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Open Access Highly Accessed Research article

The prevalence of HBV infection in the cohort of IDPs of war against terrorism in Malakand Division of Northern Pakistan

Fawad Khan12, Haji Akbar1234*, Muhammad Idrees2, Hayat Khan12, Khuram Shahzad34 and Mahmood A Kayani3

Author Affiliations

1 Department of Biotechnology, University of Malakand, Pakistan

2 National Centre of Excellence in Molecular Biology, Lahore, Pakistan

3 Department of Biosciences, COMSATS Institute of Information Technology Islamabad Campus, Pakistan

4 Department of Animal Sciences, University of Illinoise Urbana Champaign, USA

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BMC Infectious Diseases 2011, 11:176  doi:10.1186/1471-2334-11-176

Published: 20 June 2011



Hepatitis B is an important public health problem in the Pakistani population and is the major cause of chronic hepatitis, cirrhosis, fibrosis and hepatocellular carcinoma. High prevalence of HBV infections has been observed especially in areas of low economic status. In spite of effective immunization programs, no significant change has been observed in the epidemiology of HBV in the rural areas of Pakistan (~67.5% of the total population) mainly due to lack of interest from government authorities and poor hygienic measures. The current study was aimed at estimating the prevalence and risk factors associated with HBV infection within internally displaced persons (IDPs) due to war against terrorism in the Malakand Division of Northern Pakistan.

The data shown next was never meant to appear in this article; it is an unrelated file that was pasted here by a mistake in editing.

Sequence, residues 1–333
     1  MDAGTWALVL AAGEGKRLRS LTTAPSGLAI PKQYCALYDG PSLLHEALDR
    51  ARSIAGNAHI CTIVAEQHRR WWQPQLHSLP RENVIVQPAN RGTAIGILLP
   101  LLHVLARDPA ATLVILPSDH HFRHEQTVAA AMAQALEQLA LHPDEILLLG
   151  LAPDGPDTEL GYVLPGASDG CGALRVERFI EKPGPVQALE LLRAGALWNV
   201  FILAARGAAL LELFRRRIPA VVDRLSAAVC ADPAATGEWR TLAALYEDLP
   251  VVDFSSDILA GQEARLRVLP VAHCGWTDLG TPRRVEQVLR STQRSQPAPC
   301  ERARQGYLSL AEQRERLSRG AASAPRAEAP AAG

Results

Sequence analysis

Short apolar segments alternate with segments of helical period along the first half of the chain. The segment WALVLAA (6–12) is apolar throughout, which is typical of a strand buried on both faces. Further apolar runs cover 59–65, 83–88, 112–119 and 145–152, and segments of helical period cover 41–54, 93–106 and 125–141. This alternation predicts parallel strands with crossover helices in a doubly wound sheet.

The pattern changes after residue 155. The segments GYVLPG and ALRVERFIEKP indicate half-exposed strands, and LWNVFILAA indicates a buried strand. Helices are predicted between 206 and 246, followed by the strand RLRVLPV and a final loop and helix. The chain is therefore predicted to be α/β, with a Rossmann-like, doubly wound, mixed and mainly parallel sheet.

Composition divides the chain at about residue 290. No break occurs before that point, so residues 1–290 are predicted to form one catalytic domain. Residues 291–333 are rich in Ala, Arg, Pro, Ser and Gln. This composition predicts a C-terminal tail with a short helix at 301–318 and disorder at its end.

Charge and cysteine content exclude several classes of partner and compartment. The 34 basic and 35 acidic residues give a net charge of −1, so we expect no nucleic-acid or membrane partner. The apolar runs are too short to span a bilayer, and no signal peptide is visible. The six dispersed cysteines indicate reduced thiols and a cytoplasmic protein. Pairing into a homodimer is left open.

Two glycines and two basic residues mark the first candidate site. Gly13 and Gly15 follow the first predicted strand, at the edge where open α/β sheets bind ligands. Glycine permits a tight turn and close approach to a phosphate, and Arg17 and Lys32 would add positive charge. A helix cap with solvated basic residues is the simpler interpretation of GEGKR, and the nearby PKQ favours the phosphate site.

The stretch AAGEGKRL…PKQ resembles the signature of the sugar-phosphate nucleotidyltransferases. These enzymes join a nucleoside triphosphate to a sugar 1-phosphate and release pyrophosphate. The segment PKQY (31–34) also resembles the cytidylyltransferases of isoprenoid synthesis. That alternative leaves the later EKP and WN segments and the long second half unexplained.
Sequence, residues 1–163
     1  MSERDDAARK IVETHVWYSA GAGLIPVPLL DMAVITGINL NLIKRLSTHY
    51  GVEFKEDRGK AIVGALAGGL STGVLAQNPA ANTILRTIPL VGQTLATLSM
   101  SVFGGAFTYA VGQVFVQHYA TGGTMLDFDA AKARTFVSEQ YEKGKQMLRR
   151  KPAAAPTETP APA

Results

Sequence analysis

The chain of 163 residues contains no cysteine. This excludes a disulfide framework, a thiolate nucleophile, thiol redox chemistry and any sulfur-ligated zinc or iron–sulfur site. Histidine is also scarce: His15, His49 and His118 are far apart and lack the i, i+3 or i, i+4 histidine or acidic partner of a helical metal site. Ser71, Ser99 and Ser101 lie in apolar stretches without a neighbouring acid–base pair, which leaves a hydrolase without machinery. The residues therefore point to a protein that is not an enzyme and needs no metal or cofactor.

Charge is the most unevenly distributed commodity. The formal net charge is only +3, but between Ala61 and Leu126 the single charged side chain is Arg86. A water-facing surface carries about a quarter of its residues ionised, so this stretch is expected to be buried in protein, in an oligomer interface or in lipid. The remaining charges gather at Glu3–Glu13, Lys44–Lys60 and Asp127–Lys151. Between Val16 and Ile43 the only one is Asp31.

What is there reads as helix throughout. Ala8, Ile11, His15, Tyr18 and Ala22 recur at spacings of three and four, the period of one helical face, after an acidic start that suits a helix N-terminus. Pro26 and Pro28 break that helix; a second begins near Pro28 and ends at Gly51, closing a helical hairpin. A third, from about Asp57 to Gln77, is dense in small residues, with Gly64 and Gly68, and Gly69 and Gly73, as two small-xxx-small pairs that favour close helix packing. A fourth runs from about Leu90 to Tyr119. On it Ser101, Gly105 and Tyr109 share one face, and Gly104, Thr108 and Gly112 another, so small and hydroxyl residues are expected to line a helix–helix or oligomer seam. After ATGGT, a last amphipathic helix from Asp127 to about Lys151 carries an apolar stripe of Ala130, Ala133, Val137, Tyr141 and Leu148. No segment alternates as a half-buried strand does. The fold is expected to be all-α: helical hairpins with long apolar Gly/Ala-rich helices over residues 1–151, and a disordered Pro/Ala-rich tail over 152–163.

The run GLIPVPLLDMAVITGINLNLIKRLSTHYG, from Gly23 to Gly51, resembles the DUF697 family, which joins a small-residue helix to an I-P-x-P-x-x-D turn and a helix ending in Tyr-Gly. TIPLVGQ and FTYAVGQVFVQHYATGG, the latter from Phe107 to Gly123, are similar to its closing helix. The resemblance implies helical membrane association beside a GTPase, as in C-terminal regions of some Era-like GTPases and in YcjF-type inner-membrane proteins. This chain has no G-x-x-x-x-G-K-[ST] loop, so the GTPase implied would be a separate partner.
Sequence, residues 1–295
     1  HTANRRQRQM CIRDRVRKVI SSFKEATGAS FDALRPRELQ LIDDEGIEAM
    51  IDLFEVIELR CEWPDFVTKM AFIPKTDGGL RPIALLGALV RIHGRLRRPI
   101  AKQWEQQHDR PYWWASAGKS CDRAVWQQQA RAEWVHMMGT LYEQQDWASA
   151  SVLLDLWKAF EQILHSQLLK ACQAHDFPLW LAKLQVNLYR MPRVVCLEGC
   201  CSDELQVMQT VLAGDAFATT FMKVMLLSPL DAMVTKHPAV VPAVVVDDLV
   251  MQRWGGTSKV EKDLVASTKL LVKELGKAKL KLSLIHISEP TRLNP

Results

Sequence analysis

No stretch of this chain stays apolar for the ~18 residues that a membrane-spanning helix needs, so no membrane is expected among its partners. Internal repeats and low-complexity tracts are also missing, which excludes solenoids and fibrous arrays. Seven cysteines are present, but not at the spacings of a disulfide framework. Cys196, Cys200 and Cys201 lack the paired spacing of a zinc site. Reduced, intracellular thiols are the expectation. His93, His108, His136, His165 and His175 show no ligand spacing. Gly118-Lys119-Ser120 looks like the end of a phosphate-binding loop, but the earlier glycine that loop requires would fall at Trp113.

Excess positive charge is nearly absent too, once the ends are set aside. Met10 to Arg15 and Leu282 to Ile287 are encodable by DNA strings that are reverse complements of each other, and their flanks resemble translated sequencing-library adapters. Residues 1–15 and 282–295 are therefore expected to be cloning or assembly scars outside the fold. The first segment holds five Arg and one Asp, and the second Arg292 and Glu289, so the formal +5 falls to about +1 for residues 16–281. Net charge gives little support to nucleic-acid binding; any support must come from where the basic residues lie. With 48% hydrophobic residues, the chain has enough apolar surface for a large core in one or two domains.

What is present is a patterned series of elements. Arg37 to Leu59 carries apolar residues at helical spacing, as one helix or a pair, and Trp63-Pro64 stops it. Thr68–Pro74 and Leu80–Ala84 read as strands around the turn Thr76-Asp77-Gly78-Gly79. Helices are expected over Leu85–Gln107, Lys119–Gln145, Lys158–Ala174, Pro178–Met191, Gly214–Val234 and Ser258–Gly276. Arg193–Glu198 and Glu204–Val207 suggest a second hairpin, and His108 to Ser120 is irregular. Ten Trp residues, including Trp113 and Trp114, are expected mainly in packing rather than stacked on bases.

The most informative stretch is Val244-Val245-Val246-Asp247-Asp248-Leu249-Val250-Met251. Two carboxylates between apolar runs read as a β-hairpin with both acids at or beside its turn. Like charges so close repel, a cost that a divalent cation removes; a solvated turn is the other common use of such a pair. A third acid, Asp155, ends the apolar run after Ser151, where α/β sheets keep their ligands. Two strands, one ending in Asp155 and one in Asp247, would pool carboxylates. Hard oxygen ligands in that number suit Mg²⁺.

Blood samples from 950 IDPs suspected with HBV infection (including both males and females) were collected and processed with commercial ELISA kits for HBsAg, Anti HBs, HBeAg, Anti HBe antibodies. The samples positive by ELISA were confirmed for HBV DNA by real-time PCR analysis.


The overall prevalence of HBV observed was 21.05% of which 78.5% were males and 21.5% were females. Most confirmed HBV patients belong to the Malakand and Dir (lower) district. High-risk of infection was found in the older subjects 29.13% (46-60 years), while a lower incidence (11.97%) was observed in children aged <15 years. Lack of awareness, socioecomic conditions, sexual activities and sharing of razor blades, syringes and tattooing needles were the most common risk factors of HBV infection observed during the cohort of patients.


The present study, revealed for the first time a high degree of prevalence of HBV infection in rural areas of Northern Pakistan. The noticed prevalence is gender- and age-dependent that might be due to their high exposures to the common risk factors. To avoid the transmission of HBV infection proper awareness about the possible risk factors and extension of immunization to the rural areas are recommended.

HBV; Gender disparity; Risk factors; Prevalence; Malakand Division